Overall, the findings of this study suggest that the HADS and its subscales are useful in capturing distress in patients with cancer. As a step forward towards the implementation of a well-established psychosocial plan in Lebanon, the validated Arabic HADS would be crucial and useful to screen and identify psychological distress in oncologic settings, especially in patients who may benefit from psychotherapeutic interventions. Moreover, the validated Arabic HADS would serve as an important psychological measure of distress in clinical trials and original studies on psychosocial care conducted in this region. In the MENA region, there are a small number of psycho-oncology programs offering a multidisciplinary treatment approach, and psychological care continues to be an underdeveloped area within healthcare settings [11]. Having a validated Arabic version of the HADS can aid in assessing cancer patients in the region and therefore improving the quality of psychotherapeutic intervention. This, in turn, could ultimately fill the gap in psycho-oncology research in the MENA region and lead to the development of culturally sensitive psycho-oncology programs in hospitals, clinics, and other health care settings. Having validated Arabic instruments to assess psychological difficulties in cancer patients will prove to be a step forward in implementation and research in this field.


The present work provides sufficient positive results to indicate that the Arabic HADS is a useful brief assessment tool for possible anxious and depressive states as it was originally designed to be. The HADS in Arabic proves to be a reliable and valid instrument that can be implemented among Lebanese patients with cancer. The availability of a psychometrically robust and culturally sensitive tool for Lebanese patients with cancer is of great importance for healthcare physicians to screen for distress and, hence, provide timely management.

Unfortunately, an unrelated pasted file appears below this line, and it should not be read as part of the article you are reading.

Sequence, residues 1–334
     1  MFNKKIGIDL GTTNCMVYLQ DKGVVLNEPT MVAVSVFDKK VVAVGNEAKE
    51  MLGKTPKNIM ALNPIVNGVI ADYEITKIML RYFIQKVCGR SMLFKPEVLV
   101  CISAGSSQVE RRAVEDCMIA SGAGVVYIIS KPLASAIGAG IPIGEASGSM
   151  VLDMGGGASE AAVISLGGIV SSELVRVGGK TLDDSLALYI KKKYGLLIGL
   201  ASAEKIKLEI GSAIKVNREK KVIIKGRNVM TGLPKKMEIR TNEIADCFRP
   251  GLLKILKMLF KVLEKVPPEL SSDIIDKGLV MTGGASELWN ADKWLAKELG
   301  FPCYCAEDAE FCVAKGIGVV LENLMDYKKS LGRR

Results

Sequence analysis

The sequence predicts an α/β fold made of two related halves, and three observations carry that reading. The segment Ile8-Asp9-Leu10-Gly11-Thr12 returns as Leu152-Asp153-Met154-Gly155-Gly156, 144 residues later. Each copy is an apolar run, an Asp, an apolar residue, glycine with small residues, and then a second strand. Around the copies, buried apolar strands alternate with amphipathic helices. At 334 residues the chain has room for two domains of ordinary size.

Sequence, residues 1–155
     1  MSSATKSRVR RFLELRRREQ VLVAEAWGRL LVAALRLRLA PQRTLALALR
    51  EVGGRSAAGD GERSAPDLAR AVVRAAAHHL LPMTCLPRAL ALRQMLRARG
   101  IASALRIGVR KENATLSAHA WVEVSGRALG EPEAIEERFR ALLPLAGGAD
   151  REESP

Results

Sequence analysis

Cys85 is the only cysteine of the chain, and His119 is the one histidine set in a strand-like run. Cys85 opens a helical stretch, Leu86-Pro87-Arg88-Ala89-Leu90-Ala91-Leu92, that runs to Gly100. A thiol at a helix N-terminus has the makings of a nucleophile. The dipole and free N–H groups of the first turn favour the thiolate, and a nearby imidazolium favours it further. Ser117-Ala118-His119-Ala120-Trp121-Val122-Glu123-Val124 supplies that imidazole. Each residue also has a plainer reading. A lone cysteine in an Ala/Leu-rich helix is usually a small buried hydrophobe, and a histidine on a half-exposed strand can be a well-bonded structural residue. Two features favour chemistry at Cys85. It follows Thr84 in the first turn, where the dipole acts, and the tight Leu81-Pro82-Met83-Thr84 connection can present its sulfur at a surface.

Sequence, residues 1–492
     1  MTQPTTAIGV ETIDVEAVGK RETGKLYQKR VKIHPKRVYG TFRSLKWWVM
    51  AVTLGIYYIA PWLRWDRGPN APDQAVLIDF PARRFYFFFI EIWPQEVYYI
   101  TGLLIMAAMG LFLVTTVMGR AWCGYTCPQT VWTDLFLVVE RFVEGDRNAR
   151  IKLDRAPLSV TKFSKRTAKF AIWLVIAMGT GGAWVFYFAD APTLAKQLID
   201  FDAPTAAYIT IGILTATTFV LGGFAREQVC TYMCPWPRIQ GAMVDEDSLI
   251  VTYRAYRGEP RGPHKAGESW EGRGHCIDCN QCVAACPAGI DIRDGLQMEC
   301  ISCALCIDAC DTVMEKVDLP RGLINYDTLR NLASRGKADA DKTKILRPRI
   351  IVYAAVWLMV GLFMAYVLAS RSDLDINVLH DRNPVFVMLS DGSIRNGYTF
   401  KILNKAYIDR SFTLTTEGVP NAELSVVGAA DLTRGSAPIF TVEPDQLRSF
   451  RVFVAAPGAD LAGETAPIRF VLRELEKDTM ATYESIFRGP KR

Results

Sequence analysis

Availability of data and materials

The data that support the findings of this study are available from the corresponding author upon reasonable request.



Hospital and Anxiety Scale


Generalized Anxiety Disorder 7-Item Scale


Patient Health Questionnaire 9-Item Scale


Middle East and North Africa


American University of Beirut Medical Center


Beck Depression Inventory


Hamilton Depression Rating Scale


Hamilton Anxiety Rating Scale


Ambulatory Care Center


Root-mean-square error of approximation


Tucker-Lewis index




Under the curve


Receiver operating characteristic


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Authors and Affiliations



MB, AT, and NI made substantial contributions to the study conception and design. NI completed data collection and analysis and wrote the first draft of the manuscript. All authors contributed to intellectual and critical review of the manuscript drafts. All authors read and approved the final manuscript.

Corresponding authors

Correspondence to Maya Bizri or Ali Taher.

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All procedures were revised and approved by the Institutional Review Board of the American University of Beirut (SBS-2021–0255).

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The authors declare that they have no competing interests.

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Ibrahim, N., Yamout, D., Bizri, M. et al. The Arabic Hospital Anxiety and Depression Scale: validation in a sample of Lebanese patients with cancer. Middle East Curr Psychiatry 30, 85 (2023).